Combine puree, sugar, cloves and cinnamon in a thick pan and cook over low heat, until it thickens. Grab a chair. Or a book. Or a friend. This takes hours. 3-4 hours, mostly. And it needs to be stirred continuously to avoid burning.
When it thickens, remove the cloves and cinnamon stick. Let cool. Use it in your recipe right then and there, or store them in airtight container and refrigerate. Can last for 3 months if really thick and dry, 1 month if you prefer it to be slightly moisty. (Definitely not a word, but I am using it anyway)
And here’s the fun part! By the way, in case you notice, preparing the pineapple jam is the boring part. Or you can take the highway and grab the ready-made pineapple jam for pineapple tart.
Fill the jam in a triangle plastic fitted with a round tip.
Tie them up nicely.
In a mixer bowl, combine butter and confectioners’ sugar.
Cream those two using wire whisk attachment, over medium speed for about 4-5 minutes.
This is half-way done.
Nice and fluffy.
Add egg yolks, one at a time. Beat well.
The butter and sugar mixture is ready now.
Add the flour mixture (that’s flour, powdered milk and cornflour) and beat using paddle attachment for 3-5 minutes.
Remember to stop the mixing two or three times to scrape the sides and bottom of the bowl so all ingredients are mixed properly. Cover up the dough with a piece of plastic or clean kitchen towel to avoid drying out while working with small batches of the dough.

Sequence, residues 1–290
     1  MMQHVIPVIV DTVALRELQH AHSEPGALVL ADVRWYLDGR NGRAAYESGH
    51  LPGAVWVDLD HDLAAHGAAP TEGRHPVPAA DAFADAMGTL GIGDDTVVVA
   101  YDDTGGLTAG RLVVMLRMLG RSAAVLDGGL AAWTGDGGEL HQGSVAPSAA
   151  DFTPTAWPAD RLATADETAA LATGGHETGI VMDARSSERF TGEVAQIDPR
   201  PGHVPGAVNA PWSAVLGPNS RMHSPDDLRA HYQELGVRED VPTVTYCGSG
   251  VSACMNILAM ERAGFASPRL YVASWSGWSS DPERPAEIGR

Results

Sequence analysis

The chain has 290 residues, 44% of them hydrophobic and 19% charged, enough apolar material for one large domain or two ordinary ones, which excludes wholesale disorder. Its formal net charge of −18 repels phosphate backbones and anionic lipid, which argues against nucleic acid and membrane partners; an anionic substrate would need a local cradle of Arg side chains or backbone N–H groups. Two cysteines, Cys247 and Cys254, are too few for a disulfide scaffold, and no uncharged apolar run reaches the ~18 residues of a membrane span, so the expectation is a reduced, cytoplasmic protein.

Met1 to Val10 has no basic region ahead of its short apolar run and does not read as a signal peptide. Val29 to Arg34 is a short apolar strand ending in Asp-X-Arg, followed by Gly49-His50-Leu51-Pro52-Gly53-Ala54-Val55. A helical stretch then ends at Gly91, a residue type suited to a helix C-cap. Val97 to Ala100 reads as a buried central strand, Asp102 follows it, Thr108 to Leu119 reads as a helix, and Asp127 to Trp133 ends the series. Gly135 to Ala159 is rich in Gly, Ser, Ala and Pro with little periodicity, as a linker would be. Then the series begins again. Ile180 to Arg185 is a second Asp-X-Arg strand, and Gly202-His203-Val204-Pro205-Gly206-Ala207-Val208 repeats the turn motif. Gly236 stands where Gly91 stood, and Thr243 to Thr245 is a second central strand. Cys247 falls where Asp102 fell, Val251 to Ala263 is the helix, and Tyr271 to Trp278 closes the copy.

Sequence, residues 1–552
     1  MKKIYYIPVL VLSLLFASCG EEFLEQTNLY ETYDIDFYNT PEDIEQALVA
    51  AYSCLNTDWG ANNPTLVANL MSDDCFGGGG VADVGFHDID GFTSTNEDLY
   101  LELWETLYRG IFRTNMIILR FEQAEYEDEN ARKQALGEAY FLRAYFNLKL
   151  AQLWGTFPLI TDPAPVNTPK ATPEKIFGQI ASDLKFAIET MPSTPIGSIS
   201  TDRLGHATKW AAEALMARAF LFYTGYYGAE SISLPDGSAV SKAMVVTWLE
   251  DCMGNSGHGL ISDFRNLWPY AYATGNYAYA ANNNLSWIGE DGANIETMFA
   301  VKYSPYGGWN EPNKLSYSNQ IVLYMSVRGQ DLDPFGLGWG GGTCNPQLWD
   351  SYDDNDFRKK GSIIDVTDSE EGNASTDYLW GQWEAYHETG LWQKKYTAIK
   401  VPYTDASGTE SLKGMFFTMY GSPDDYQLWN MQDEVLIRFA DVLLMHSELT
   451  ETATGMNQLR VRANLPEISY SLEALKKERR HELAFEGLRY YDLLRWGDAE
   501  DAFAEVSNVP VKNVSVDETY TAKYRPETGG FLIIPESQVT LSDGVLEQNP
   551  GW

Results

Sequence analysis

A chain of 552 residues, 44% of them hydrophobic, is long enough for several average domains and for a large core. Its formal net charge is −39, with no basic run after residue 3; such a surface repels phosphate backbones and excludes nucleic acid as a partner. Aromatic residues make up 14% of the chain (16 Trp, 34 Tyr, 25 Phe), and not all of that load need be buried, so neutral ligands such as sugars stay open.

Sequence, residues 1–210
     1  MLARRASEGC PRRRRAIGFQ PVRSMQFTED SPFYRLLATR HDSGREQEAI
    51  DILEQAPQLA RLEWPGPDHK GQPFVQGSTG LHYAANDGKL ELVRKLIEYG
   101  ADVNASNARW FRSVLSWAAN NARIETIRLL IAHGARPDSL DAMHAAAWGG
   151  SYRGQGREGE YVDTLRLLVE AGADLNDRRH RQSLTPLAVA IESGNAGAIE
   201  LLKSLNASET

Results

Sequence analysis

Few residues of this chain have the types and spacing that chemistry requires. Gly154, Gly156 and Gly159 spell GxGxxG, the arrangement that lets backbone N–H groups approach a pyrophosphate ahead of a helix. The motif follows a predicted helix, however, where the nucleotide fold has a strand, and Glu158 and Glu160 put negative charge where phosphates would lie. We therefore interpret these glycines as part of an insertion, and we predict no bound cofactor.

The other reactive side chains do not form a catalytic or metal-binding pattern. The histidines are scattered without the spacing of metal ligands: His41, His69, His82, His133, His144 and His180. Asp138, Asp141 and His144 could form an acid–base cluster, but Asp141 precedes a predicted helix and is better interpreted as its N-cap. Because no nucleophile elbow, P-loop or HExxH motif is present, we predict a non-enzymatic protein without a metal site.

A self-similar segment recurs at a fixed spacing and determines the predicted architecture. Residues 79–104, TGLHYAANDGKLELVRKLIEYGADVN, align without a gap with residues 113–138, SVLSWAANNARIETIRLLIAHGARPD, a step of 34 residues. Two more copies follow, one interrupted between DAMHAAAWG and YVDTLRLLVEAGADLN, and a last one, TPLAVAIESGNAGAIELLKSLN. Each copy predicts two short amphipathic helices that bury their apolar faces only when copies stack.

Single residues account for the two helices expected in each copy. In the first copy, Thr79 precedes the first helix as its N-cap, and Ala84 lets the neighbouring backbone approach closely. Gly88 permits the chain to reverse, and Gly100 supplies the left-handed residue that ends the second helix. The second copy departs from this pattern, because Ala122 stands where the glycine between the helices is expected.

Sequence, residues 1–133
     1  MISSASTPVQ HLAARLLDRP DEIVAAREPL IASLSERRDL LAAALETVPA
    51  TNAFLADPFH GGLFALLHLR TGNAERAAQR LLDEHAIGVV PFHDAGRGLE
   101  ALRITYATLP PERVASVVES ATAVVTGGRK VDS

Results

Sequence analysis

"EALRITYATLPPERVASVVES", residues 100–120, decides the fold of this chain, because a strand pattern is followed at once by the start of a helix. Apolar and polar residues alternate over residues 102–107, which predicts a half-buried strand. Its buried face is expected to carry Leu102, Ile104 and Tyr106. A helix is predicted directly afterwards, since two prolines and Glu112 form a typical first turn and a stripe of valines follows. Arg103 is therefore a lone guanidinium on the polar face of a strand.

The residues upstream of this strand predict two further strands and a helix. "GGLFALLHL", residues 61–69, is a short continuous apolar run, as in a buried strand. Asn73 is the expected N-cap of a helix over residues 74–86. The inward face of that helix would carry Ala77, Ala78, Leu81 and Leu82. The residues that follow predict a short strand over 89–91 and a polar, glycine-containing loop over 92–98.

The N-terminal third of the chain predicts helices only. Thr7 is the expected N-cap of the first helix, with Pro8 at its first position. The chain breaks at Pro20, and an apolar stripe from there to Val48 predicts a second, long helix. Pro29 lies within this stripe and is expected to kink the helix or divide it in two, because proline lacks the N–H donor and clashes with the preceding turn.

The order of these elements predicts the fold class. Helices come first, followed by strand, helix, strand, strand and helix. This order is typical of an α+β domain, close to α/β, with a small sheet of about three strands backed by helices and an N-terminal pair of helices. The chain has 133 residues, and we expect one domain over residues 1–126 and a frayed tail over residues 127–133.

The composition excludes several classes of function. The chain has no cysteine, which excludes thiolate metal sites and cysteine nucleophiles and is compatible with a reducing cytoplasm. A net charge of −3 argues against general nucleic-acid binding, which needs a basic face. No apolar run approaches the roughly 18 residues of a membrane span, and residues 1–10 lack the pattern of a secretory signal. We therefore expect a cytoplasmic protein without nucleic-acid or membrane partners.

Prepare a 20 x 35 cm food grade plastic (not shrink wrap). Fold them into two right in the middle, length-wise, and then fold them again. The plastic should be 5 x 35 cm by the time you are done.
Grab 50 g of cookie dough. Knead vigorously. Until the dough color lightens slightly and becomes smooth. This is when the dough is ready to be used. Form it into small log.
Place the log in the middle part of the plastic and fold it according to the lines you have prepared before.
Roll the dough into rectangle of 5 x 28 cm. Try as hard as you can to get even thickness through out the rectangle.
Pipe pineapple jam on top of the dough, in a neat line, as even as you humanely could.
Grab both ends of the plastic (left and right) and gently roll the dough down. Don’t apply too much pressure or the jam would be squeezed to either ends.